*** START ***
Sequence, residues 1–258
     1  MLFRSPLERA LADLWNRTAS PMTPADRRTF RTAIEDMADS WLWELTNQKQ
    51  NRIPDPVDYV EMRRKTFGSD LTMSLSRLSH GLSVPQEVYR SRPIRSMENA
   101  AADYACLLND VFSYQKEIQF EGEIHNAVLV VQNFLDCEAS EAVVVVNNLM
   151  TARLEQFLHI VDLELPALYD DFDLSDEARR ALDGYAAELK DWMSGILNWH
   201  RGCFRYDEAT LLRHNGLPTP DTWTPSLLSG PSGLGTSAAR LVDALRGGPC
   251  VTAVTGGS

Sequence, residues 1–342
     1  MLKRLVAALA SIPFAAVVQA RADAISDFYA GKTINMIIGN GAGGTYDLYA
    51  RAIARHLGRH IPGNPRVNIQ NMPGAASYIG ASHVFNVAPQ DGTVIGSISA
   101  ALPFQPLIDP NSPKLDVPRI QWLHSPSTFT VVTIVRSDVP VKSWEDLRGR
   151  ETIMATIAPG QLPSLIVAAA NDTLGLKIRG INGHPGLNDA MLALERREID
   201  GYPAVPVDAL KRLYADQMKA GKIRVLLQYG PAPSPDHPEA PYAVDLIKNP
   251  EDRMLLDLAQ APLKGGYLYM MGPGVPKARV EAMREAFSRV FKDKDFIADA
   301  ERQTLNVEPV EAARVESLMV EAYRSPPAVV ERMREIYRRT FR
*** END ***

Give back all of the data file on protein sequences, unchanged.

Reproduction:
Sequence, residues 1–258
     1  MLFRSPLERA LADLWNRTAS PMTPADRRTF RTAIEDMADS WLWELTNQKQ
    51  NRIPDPVDYV EMRRKTFGSD LTMSLSRLSH GLSVPQEVYR SRPIRSMENA
   101  AADYACLLND VFSYQKEIQF EGEIHNAVLV VQNFLDCEAS EAVVVVNNLM
   151  TARLEQFLHI VDLELPALYD DFDLSDEARR ALDGYAAELK DWMSGILNWH
   201  RGCFRYDEAT LLRHNGLPTP DTWTPSLLSG PSGLGTSAAR LVDALRGGPC
   251  VTAVTGGS

Sequence, residues 1–342
     1  MLKRLVAALA SIPFAAVVQA RADAISDFYA GKTINMIIGN GAGGTYDLYA
    51  RAIARHLGRH IPGNPRVNIQ NMPGAASYIG ASHVFNVAPQ DGTVIGSISA
   101  ALPFQPLIDP NSPKLDVPRI QWLHSPSTFT VVTIVRSDVP VKSWEDLRGR
   151  ETIMATIAPG QLPSLIVAAA NDTLGLKIRG INGHPGLNDA MLALERREID
   201  GYPAVPVDAL KRLYADQMKA GKIRVLLQYG PAPSPDHPEA PYAVDLIKNP
   251  EDRMLLDLAQ APLKGGYLYM MGPGVPKARV EAMREAFSRV FKDKDFIADA
   301  ERQTLNVEPV EAARVESLMV EAYRSPPAVV ERMREIYRRT FR